THE PUBLIC FREE SCHOOL
COLUMBIA COUNTY, NEW YORK
By Captain Franklin Ellis151
The act establishing the present common-school system of Hudson is chapter 350, of 1841, passed May 26, in that year. This act made the members of the common council, by virtue of their office, commissioners of common schools in and for the city, and gave to them the appointment of a board of superintendents, to consist of three persons; these to be also inspectors of schools.
By the provisions of the act the city was to be divided by the commissioners into not less than three school districts, and in each of these it was made their duty to "cause to be built or procured, such school-house or school-houses and out-houses as shall appear to them suitable and sufficient." "For the purpose of procuring suitable school-houses for said city, with such appurtenances as may be deemed expedient," the common council was authorized to borrow the sum of $5000; and the comptroller was authorized to loan to the city of Hudson, out of the common-school fund of the State, the sum of $5000, to be repaid in twenty equal yearly installments, with interest at the rate of 6 per cent per annum.
The commissioners divided the city into three school districts, as follows: all that part lying west of the west line of Second street was laid off and designated as district No. 1; all the part lying between the easterly line of Second street and the westerly line of Fifth street was made a district, and numbered 2; and the part lying above the easterly line of Fifth street was denominated school district No. 3. These divisions were made by and with the recommendation and advice of a committee of the Lancaster trustees.
Oliver Bronson, Josiah W. Fairfield, and Cyrus Curtiss were the first superintendents of schools for Hudson, and, on the 6th of August, 1841, they were authorized to purchase sites for school-houses, viz.: a lot of Clark and Dimmick, on the southerly side of Partition street, between Front and Second, and a lot on the north side of Diamond street, between Fifth and Sixth streets. These lots were soon after purchased as sites for school-houses numbers 1 and 3, and have been used as such until the present time. The Lancaster building, transferred by the trustees of that society to the city, became, and is to-day, the school-house of district 2.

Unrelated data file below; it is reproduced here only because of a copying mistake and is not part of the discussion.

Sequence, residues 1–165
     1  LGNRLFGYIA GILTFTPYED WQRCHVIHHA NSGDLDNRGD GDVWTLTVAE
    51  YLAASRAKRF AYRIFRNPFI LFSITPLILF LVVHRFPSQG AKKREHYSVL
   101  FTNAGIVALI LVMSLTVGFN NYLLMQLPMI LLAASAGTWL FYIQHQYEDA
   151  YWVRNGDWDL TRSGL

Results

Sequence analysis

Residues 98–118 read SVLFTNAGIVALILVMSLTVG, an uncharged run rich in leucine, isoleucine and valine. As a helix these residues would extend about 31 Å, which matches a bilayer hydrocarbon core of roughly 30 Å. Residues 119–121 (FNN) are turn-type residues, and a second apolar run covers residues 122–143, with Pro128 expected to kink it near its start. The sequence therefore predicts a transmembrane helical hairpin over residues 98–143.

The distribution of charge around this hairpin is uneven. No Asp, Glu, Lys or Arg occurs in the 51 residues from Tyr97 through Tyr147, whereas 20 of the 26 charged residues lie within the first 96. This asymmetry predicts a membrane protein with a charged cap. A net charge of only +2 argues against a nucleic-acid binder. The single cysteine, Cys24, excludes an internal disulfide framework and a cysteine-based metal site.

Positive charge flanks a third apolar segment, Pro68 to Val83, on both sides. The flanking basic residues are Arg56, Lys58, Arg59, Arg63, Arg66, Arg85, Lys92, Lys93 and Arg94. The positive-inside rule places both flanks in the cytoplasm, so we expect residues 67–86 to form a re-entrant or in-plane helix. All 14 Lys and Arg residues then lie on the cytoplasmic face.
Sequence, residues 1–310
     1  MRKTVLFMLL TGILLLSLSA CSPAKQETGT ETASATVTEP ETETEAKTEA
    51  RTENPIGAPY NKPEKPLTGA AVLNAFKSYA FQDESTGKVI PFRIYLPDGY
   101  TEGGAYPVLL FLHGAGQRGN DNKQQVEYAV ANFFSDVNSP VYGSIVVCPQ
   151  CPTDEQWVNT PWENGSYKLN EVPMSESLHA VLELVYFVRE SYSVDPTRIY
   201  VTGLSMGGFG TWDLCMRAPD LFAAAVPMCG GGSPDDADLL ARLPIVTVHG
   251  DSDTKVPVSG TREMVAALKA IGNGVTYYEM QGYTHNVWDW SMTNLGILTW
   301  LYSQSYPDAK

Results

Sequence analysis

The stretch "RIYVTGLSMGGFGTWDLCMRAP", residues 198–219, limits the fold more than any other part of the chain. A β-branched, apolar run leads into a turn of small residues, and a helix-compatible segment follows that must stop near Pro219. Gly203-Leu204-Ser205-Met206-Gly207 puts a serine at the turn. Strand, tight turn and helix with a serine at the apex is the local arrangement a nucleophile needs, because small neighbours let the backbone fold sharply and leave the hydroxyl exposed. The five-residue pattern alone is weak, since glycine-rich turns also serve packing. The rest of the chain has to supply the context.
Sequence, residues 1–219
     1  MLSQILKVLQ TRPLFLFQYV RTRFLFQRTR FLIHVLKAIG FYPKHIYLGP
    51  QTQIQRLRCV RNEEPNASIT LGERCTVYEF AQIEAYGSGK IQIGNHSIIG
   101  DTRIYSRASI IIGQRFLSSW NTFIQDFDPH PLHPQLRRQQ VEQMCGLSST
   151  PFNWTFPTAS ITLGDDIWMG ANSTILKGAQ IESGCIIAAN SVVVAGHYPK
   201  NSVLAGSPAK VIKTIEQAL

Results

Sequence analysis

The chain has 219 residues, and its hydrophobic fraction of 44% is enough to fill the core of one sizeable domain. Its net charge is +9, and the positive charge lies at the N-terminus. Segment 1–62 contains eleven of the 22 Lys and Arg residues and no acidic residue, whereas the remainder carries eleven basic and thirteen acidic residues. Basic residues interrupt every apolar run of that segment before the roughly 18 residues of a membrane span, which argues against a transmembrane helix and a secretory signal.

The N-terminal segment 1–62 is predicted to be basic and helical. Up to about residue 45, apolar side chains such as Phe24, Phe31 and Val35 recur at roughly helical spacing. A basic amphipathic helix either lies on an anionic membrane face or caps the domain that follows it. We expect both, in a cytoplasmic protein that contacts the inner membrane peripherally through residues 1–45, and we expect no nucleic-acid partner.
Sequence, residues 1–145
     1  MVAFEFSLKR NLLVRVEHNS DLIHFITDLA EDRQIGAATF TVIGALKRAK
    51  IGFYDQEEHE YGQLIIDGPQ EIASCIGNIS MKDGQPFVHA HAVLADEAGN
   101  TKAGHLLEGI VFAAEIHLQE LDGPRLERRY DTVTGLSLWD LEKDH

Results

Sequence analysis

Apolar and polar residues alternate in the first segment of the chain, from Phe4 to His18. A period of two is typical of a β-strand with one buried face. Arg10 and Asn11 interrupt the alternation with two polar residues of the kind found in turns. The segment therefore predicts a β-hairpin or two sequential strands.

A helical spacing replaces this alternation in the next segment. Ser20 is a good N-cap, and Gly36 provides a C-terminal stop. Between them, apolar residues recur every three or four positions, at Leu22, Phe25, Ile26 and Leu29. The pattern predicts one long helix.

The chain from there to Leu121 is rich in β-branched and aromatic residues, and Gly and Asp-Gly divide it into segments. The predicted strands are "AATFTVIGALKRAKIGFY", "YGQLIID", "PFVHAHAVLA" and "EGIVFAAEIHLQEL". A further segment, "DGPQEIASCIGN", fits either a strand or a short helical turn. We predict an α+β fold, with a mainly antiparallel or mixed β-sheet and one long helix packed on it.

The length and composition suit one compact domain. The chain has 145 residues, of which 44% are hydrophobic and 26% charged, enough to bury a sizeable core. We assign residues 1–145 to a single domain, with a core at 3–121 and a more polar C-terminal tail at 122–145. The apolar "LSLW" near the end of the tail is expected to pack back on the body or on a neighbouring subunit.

The common-school system of Hudson has now been in operation for thirty-seven years, with reasonable success, and no material change. The number of school districts and school-houses is now the same as at the commencement, though in the mean time a colored school (numbered 4) has been in operation, and was only recently abandoned.
House No. 2 (corner of Fourth and State streets) is now devoted exclusively to schools for girls, who attend there from all parts of the city. The principal of the grammar department is Miss Mary Gifford; of the intermediate and primary, Miss Carrie Tompkins.
At schools numbers 1 and 3 none but males attend. The division line of territory, as between these, is Fourth street; boys residing below that line attending No. 1, and those above it No. 3. The principal of school No. 1 is L. W. Reid; of No. 3, W. C. Wilcox.
By the report of the school superintendents of Hudson for 1877, it is shown that there were in the city 3598 children of school age, of whom 1415 attended school some part of the year; the average daily attendance having been 749- 186/198. The number of teachers was 23, and the number of weeks the schools were taught, 41. The amount of public money apportioned to the city was $5006.98; amount raised by tax for all school purposes, $6000; amount paid for teachers' wages, $9492.
The salaries paid the principals of schools numbers 1 and 3 are, to each $1300 per annum. The salary of the teacher of the grammar department of No. 2 is $650; and to the principal of the intermediate and primary department, same school $400 is paid.
The three school-houses are of brick, and valued at $24,000. Value of school-house sites, $10,000.
The number of volumes in the public-school library is 1300, valued at $1200.
The board of school commissioners is now composed of Messrs. Cyrus Macy, T. T. Calkins, Willard Peck, Leonard J. Rossman, and William R. Elting.